But what happens when the baby pees or poops on the top blanket? The answer is pee pads. I use the Four Paws X-Large Wee Wee Pads, which you can order from Amazon. The key is to place a pee pad underneath every couple of blankets. If you place it under just one blanket, the shape of the pad tends to show through, especially if the backdrop is a little sheer. Just start with your main backdrop blanket you’ll be shooting against, then layer in a “liner” blanket, then the pee pad. Underneath this trio, have another backdrop blanket, a liner blanket and then a pee pad. If there is an accident, that first pee pad keeps all the blankets below spotless. Simply remove the soiled blankets on top, and you’re ready to go again. No more switching out blankets to replace with new ones, which wastes time. Layer and shoot.
Stations help me determine the order in which to take portraits. When a client arrives (or when you arrive at your client’s home), the first thing you should do is greet her, bring her to the sitting area and, if you’ve prepped her beforehand, instruct her to give her baby a full feeding. When the baby is full and at her sleepiest, take her through the different stations.
I start every shoot with solo shots of the baby. When the baby is nice and sleepy, I’m able to mold her easily into cute positions and pose her on the beanbag. Starting with the beanbag also allows time for parents and siblings who are being photographed to get settled, changed and freshened up for when it’s their turn.
Right next to my beanbag are my floor drops. This is where I do my bowl, bucket and shooting-downward shots. With the floor station set up next to the beanbag, you don’t have to move your studio light very far. I gradually add on other family members, such as mother with baby, and then siblings with baby for the lying-on-back poses. If you have hard floors like I do, add a cushioned layer, like this foam egg crate (bit.ly/egg-crate-twin), underneath the baby.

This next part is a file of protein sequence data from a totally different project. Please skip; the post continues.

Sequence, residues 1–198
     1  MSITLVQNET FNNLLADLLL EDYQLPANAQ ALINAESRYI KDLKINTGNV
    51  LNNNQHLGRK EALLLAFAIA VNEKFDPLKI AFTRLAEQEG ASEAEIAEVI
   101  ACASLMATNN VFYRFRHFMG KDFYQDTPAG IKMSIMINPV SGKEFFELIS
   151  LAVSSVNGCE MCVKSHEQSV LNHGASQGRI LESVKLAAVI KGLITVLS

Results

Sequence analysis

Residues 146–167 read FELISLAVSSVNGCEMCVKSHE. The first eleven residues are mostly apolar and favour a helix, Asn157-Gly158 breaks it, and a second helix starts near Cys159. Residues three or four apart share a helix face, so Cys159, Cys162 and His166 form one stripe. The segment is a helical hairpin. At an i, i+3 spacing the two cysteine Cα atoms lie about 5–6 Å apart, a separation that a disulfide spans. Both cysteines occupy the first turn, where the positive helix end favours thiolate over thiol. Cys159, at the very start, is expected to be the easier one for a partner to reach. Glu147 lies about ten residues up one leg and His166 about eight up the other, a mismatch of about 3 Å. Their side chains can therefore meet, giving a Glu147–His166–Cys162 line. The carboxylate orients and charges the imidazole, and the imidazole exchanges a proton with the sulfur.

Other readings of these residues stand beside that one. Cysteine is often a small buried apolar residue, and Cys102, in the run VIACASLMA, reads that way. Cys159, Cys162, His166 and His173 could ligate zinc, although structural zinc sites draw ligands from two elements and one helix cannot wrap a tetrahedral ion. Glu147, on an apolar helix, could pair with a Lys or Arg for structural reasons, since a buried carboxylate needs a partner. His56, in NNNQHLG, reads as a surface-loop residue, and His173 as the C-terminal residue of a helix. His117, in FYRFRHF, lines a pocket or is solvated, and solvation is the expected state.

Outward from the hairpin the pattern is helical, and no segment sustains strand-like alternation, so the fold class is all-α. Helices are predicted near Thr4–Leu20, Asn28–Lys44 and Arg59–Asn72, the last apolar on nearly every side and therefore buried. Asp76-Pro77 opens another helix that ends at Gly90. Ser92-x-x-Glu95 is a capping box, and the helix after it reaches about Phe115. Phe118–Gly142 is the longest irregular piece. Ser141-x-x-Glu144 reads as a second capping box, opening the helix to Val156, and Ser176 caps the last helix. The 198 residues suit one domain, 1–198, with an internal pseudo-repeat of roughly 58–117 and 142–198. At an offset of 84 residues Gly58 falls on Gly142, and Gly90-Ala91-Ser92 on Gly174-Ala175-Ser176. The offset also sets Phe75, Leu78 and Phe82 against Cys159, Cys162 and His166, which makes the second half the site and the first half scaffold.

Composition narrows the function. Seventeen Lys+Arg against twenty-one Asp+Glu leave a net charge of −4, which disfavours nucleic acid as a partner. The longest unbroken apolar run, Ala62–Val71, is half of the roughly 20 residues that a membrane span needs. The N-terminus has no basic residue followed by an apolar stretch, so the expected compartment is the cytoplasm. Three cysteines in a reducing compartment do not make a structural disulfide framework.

After I’ve gotten all my individual portraits of the baby, I move on to family group portraits against a backdrop. These include parents with baby and the family with siblings. I use a neutral-colored, seamless paper backdrop that coordinates with any colors the family is wearing, and it’s large enough (107 inches) that I don’t have to Photoshop the background (bit.ly/savage-backdrop). If you don’t have a backdrop or a light, just find a clutter-free spot in front of a large window. Designate that area your station for family portraits.
To simplify posing, start with the easy shots first and end with the harder ones as time allows. This allows you to create much more variety than if you had gotten stuck and frustrated on difficult poses—with not much to show for it.
When taking individual portraits of a baby, I usually start with comfortable tucked positions. With the baby belly-down, you can get a variety of poses all while he is in this position (taco pose, bum up, chin on hands, etc.). After you feel you’ve gotten enough tucked and cozy shots, move on to poses with the baby on his back. Lastly, hit those harder poses that require assistance (holding the baby’s head for the froggy pose) or compositing (combining two or more images to make a single picture).
If at any point the baby is being fussy and won’t calm down easily, move on to wrapped poses to keep up the momentum. Remember, you’re not there just to take pretty pictures of your client’s newborn. You’re also there to assure your client that you know what you’re doing and you’ve got the session under control.
Layer your blankets, rotate through stations and start with the easy poses. The last thing you or your client wants is a long drawn-out newborn session where everybody (including the baby) ends up frustrated and tired. With systems in place before you begin your shoot, you ensure your clients will have an enjoyable experience that they will feel good about.